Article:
Neurofilament light chain (NfL) may serve as a biomarker for central nervous system involvement in infantile-onset Pompe disease (PD), as evidence suggests that nervous system progression could be associated with structural brain abnormalities, including neuroaxonal damage, according to a recently published study in Genetics in Medicine.

Enzyme replacement therapy (ERT) has successfully increased survival in patients with infantile-onset PD. However, increasing evidence suggests that patients with prolonged survival could experience central nervous system involvement leading to cognitive dysfunction, Yu-Kang Hsu, of the Taipei City Hospital Renai Branch in Taiwan, and colleagues noted.

Postmortem findings revealed glycogen accumulation in the brain cells of patients with infantile-onset PD, the study authors noted. Furthermore, magnetic resonance imaging (MRI) studies report structural brain abnormalities associated with age, they added.


Continue Reading

Read more about PD testing 

Given modern measuring techniques, blood NfL levels have been used as an unspecific marker of axonal damage in recent years. The authors hypothesize that NfL could predict the severity of white matter (WM) in patients with infantile-onset PD.

The prospective cohort study included 19 patients with infantile-onset PD receiving ERT. All patients were longitudinally followed with MRI studies every 1 to 3 years for approximately 12 years. Cognitive function was assessed through standardized IQ tests and correlated with imaging. NfL blood levels were measured in 17 patients in their last check-up and were also correlated with imaging.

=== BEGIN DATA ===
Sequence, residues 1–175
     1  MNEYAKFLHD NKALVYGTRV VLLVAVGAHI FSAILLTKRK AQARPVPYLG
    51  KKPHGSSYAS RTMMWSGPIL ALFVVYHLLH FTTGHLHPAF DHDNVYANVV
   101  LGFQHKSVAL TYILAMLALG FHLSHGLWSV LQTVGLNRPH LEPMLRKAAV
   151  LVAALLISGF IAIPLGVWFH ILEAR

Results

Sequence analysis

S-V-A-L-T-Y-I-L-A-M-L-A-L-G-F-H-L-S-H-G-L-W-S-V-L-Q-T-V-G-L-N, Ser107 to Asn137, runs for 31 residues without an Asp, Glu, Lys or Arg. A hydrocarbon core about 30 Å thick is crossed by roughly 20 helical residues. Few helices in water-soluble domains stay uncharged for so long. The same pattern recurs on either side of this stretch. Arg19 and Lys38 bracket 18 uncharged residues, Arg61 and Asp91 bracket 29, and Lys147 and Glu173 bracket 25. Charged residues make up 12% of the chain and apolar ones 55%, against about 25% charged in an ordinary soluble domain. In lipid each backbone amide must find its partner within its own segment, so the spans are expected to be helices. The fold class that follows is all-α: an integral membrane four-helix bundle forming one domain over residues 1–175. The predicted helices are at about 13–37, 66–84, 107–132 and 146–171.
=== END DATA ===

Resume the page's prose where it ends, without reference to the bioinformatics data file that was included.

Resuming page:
The authors used an MRI scoring system based on the location and extent of WM lesions as well as the presence of atrophy. Higher scores were indicative of extensive damage.

All patients presented with structural brain abnormalities in MRI. Brain lesions had a characteristic pattern associated with age. Most patients had central WM involvement at the median age of 3 years. They then had internal capsules at 9 years of age and corpus callosum and infratentorial WM at 11 years of age. MRI scores were directly correlated with age.

IQ examination scores ranged from low to high average. The authors noted that all but 1 patient presented a decrease in their IQ scores correlated with age and MRI scoring. The NfL concentration was measured in 17 patients; all of them had significantly higher levels than healthy controls. Notably, NfL correlated strongly with MRI scores.

“Our study highlights the urgent need to develop therapies targeting neurodegeneration in Pompe disease,” the authors wrote. “Furthermore, neuroimaging quantification tools and plasma NfL concentration may be a promising biomarker for monitoring CNS progression and patient response to treatment in future trials.”

Reference

Hsu Y-K, Chien Y-H, Shinn-Forng Peng S, et al. Evaluating brain white matter hyperintensity, IQ scores, and plasma neurofilament light chain concentration in early-treated patients with infantile-onset Pompe disease. Genet Med. Published online November 17, 2022. doi:10.1016/j.gim.2022.10.005